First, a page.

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Use the launch page to launch your own private server on the cloud, with the GVL pre-installed.

You can launch a new server instance on a public cloud, such as NeCTAR/OpenStack or Amazon/EC2 (the default for most users). You can also build and deploy the GVL on a private cloud.


Launch a GVL

1. Launch your server on a public cloud (most users)

Use the launch page to launch your own private server on the cloud, with the GVL pre-installed. You can launch a new server instance on an existing cloud, such as NeCTAR/OpenStack or Amazon/EC2 (the default for most users).

Instructions on how to launch an instance can be found here.

Launch

2. Launch your server on a private cloud (specialised usage)

To launch your server on a private cloud, you must build the GVL manually on your cloud. At present, OpenStack and EC2 compatible clouds are supported. If you are using OpenStack, you must have the EC2 compatibility layer enabled.

You can find source code and instructions to build a GVL image in our repository.


What is a private GVL Server?

A private GVL server is a virtual machine running on the cloud and contains a pre-installed suite of tools for performing bioinformatics analyses. It differs from public GVL servers by providing full administrative access to the server, as well as the full suite of GVL services, whereas public GVL servers provide restricted access for security reasons. For example, public GVL servers do not provide access to the Ubuntu desktop, the Linux command line, JupyterHub, RStudio etc. at present.

Private GVL servers may be launched on a public cloud of your choice (at present, Amazon and OpenStack based clouds). These can be as simple as servers which provide individual access, to more complicated institutional access servers over which you will have full control. You will require access credentials to a public/community cloud to launch a private GVL server. Accessing the GVL server is completely free on the Australian NeCTAR Research Cloud, provided that you have a suitable account with NeCTAR. On Amazon, while the GVL software itself is free, you may have to pay Amazon usage charges.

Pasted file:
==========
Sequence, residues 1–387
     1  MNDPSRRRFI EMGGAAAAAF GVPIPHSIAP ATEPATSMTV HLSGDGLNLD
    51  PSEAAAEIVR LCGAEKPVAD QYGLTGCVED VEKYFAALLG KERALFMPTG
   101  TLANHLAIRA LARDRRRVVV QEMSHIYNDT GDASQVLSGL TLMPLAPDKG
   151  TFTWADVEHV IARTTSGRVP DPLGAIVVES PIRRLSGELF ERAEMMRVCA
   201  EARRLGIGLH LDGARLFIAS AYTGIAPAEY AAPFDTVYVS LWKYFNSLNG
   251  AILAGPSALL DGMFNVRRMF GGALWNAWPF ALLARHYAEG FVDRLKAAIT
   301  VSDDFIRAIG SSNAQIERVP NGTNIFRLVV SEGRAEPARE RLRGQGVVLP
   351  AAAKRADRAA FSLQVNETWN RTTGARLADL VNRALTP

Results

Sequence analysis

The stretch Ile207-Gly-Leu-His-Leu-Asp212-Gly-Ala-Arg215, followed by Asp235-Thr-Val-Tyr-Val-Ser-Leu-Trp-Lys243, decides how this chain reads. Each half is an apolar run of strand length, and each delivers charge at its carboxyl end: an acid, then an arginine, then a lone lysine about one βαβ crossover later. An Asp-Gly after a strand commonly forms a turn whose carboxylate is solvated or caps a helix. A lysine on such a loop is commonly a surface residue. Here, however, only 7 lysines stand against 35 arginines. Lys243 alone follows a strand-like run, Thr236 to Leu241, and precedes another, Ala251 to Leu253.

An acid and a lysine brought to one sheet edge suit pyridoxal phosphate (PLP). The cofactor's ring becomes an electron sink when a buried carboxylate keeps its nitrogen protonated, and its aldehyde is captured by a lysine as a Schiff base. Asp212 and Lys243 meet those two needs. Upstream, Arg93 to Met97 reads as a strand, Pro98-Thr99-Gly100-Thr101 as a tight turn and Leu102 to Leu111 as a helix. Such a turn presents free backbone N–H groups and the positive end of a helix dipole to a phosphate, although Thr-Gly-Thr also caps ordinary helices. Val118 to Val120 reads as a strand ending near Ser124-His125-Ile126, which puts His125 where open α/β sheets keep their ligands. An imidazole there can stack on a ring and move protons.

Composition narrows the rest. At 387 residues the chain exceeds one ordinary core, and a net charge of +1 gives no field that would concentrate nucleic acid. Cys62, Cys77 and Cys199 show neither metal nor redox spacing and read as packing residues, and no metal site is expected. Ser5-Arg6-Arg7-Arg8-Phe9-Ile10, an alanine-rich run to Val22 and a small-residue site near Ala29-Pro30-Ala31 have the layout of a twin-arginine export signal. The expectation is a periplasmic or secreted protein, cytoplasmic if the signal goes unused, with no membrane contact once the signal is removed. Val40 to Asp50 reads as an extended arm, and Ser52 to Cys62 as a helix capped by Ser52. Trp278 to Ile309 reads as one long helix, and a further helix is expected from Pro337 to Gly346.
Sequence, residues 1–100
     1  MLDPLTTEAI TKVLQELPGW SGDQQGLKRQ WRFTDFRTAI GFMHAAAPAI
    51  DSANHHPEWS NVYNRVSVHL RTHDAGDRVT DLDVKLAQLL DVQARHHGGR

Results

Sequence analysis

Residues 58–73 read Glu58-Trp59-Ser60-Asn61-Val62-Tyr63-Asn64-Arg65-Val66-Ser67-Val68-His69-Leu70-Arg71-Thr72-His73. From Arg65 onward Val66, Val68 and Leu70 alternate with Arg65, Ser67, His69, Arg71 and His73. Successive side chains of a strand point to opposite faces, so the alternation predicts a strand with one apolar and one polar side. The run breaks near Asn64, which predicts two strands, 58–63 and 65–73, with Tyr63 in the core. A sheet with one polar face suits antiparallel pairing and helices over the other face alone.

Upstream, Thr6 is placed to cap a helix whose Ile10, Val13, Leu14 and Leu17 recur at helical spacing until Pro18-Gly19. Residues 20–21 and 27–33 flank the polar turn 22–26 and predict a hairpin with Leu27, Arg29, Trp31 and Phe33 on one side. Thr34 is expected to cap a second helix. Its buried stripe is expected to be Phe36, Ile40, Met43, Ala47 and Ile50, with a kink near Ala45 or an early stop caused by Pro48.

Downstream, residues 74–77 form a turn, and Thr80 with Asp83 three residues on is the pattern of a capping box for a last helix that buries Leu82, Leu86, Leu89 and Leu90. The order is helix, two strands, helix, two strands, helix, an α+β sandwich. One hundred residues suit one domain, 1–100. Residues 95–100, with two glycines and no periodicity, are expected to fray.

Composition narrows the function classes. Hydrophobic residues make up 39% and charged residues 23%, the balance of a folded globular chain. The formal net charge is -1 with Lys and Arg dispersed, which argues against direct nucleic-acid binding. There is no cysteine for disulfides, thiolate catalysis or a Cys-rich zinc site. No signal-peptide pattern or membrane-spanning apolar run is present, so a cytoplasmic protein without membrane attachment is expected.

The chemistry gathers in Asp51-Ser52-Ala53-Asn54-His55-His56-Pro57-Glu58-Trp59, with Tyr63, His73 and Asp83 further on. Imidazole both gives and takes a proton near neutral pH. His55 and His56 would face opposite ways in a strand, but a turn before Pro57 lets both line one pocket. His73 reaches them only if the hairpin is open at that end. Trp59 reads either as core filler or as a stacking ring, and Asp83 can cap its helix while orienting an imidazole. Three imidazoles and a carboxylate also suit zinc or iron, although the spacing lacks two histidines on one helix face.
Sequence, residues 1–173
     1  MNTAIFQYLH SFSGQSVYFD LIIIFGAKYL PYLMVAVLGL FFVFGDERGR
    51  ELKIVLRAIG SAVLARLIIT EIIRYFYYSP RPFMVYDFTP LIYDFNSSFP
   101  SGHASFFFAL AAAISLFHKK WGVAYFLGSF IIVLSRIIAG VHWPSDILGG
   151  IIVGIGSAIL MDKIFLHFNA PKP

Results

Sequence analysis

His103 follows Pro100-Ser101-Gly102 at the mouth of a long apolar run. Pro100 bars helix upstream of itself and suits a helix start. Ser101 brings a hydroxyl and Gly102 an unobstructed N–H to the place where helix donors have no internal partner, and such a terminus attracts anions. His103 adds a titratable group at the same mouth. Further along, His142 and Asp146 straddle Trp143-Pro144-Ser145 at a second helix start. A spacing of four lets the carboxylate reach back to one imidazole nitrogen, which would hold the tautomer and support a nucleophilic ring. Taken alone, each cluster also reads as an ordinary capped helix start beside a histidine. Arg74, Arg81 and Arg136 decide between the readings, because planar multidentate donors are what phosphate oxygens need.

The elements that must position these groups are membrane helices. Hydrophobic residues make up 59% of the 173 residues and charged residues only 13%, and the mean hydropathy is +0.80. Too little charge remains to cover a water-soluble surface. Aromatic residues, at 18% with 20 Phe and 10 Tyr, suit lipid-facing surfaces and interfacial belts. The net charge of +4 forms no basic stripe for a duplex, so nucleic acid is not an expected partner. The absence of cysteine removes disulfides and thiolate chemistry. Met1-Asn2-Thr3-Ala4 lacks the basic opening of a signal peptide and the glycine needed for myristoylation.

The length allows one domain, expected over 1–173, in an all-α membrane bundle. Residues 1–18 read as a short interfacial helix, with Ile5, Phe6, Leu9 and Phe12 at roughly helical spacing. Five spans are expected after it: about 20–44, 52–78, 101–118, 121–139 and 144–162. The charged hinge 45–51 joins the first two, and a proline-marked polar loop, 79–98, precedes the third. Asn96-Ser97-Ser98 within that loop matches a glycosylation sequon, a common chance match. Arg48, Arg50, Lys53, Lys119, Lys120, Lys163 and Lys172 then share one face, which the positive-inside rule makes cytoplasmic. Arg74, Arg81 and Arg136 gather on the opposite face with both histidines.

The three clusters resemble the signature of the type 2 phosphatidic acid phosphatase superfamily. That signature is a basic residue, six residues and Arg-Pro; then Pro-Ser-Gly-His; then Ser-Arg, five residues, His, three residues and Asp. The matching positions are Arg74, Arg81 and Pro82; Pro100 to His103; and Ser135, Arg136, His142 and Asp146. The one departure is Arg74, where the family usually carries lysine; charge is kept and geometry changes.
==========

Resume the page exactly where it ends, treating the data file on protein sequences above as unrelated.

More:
Flavours

Prior to GVL 4.2, the GVL was available in different flavours. Each flavour had slightly customised toolsets and reference datasets. These toolsets are optimised for different usage patterns. For example, the Tutorial flavour was intended for running the GVL tutorials, and the Microbial flavour was optimised for Microbial workflows. Due to reference data being more readily avaialble via the CVMFS mounts the flavours have now been merged together.

Version change log

Version New Features Release Date Deprecated features
4.3.0
  • Indices changes to use CVMFS
  • Support for Galaxy Interactive Environments
  • Misc. bug fixes and updates
12/12/2017
4.2.0
  • Galaxy updated to 17.09
  • Updated list of tools and tool revisions
  • Microbial and Tutorial flavours merged with standard.
29/10/2017
  • Flavours have all been merged.
4.1.0
  • Galaxy updated to 16.04
  • Updated list of tools and tool revisions
  • Easier import/export of files from/to GenomeSpace
  • SMRT portal uses distributed jobs and has better space management
  • New installable packages for Web Apollo, IRIDA
  • User accounts are now synchronised across the whole cluster
  • X-Forwarding support
  • Increased space in root partition and reduced virtual image size
17/08/2016
4.0.0
  • GVL now supported on Amazon EC2
  • Image updated to Ubuntu 14.04 LTS
  • A new Ansible based build process to replace the old Fabric based one
  • Job management software has been switched from SGE to SLURM, as SGE does not support Ubuntu 14.04
  • New installable packages for cpipe, lovd and SMRT-Analysis
  • Support for GVL flavours
  • Overhauled list of Galaxy tools for each flavour
28/09/2015
  • SGE is no longer available and has been replaced with SLURM.
3.04
  • Introduction of the GVL Dashboard as a portal for other GVL services
  • Security and package updates to Ubuntu 12.04 LTS
  • Stability and bug fixes
08/11/2014